I am a person who operates in “bargaining” space all the time. I look for silver linings. I see bright sides. It helps me cope with the things in my life that are not ideal. So at one point, I even wrote that having genital herpes helped to protect me from having a type of ego bruising experiences that I wanted to avoid. Casual sex no longer felt like “I’m using them as much as they’re using me.” The stakes felt higher. I wanted them to fall in love with me. I wanted them to desire me. The experience of my wanting something with someone who wasn’t interested in pursuing an ongoing thing with me was a huge blow to my ego. Especially if they led me to believe they might be, and only discovered they weren’t AFTER we had sex.
But, if I’m being really honest – there is another side to this coin.
I was equally as terrified that after casual sex, someone might not be as exciting to me as I was to them. Then I’d be in the position to have to reject someone who DID want to be with me. I have not responded with emotional maturity in those situations. I have ghosted men and friends in the past when these circumstance arise and it is NOT a good feeling, but it does feels self-protective.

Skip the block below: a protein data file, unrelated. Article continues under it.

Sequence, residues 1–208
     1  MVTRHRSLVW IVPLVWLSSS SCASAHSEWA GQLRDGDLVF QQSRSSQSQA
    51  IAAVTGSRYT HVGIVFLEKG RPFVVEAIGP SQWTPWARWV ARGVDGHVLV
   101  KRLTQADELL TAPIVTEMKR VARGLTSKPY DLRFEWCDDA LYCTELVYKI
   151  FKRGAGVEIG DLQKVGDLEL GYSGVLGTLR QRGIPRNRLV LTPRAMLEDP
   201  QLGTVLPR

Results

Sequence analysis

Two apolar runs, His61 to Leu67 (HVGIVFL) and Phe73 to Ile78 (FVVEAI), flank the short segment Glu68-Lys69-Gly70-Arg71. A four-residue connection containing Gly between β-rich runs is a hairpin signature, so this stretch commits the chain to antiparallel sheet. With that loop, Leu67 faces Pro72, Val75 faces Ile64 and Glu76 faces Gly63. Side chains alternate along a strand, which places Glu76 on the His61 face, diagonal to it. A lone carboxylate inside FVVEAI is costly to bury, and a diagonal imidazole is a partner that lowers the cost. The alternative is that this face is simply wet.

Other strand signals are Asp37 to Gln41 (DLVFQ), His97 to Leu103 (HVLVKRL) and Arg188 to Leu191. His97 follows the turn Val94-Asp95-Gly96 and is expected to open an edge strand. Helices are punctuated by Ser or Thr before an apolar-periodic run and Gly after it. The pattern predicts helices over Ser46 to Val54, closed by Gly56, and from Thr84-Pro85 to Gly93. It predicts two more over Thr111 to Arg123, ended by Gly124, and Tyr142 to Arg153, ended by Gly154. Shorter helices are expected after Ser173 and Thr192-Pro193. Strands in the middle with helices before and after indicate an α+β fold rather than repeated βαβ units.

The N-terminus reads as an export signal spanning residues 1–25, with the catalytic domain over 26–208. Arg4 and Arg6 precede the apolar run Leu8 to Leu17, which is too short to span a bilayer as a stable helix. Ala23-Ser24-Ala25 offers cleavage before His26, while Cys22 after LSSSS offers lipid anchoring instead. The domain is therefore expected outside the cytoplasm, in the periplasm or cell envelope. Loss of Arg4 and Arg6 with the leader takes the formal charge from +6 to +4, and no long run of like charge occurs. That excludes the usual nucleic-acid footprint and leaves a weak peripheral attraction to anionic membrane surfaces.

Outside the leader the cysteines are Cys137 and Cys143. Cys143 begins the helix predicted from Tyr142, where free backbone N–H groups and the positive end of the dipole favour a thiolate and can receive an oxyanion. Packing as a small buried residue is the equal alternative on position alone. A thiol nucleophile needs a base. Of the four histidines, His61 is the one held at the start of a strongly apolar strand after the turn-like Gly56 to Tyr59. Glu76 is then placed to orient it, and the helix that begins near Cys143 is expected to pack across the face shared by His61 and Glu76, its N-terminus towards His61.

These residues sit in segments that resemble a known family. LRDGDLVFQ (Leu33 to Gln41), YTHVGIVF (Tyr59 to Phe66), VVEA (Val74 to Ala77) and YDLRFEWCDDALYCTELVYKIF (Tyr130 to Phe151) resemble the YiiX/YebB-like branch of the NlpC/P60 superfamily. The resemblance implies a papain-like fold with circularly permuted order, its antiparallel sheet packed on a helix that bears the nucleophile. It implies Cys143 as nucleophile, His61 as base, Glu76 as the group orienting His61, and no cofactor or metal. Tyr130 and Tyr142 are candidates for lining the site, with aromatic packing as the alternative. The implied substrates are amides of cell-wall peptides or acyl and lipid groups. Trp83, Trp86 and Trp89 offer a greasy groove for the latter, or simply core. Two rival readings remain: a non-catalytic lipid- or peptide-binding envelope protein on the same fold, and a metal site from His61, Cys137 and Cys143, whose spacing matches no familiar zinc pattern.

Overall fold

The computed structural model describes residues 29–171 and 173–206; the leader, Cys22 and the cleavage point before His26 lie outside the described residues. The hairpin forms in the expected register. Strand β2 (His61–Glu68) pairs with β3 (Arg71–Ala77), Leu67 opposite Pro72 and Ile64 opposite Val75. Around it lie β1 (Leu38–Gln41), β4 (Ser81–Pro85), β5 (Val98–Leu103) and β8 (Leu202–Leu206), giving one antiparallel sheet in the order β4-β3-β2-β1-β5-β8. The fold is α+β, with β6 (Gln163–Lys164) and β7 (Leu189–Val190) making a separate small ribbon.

So my solution was to put up a bunch of “rules” that kept me safe from having either of those experiences, and …ta-dah! I’m demisexual!
So, now that I’m untangling all of these emotions and recognizing that this identity was largely formed out of fear and avoidance, it’s difficult to figure out what my next steps might be. I don’t think it’s to go out and get laid. I still believe that emotionally connective sex is more my speed than casual sex; but I’m now willing to investigate whether there are different layers of emotionally connective sex I might be comfortable with that are not based in romantic love.
Here’s the big thing, because Felicia keeps wanting to write my next paragraph for me and tell you that it’s still possible that I really am monoamorous, despite the fact that I fully embrace and accept the tenets of ethical nonmonogamy. She tells me this because she’s trying to prepare and protect me from the possibility that taking any “next steps” in this experiment could completely blow up in my face, and not the fun way, which results in my saying things like “I’m not ready yet” and “I am happy the way things are.”
Which, by the way, I am. I love my partner deeply and the sex we have together is amazing. I wish I could have more of it.
She’s right there, asking me “But what If I do have sex with someone else and I end up feeling awful about it? What if I get my heart broken or my ego bruised? What if it makes me so emotional that it scares them off ‘cause now I’m crying and I can’t explain why? What if they feel used because this all turns out to prove that I’m not polyamorous and I can’t do it?”
“What if I fail?”
I’ll know I’m ready when I can confidently tell her that failure is part of growth, and the only true failure would be use fear as a crutch that limits my potential for new kinds of learning and fulfillment.
I’m not there yet, but I’m getting closer.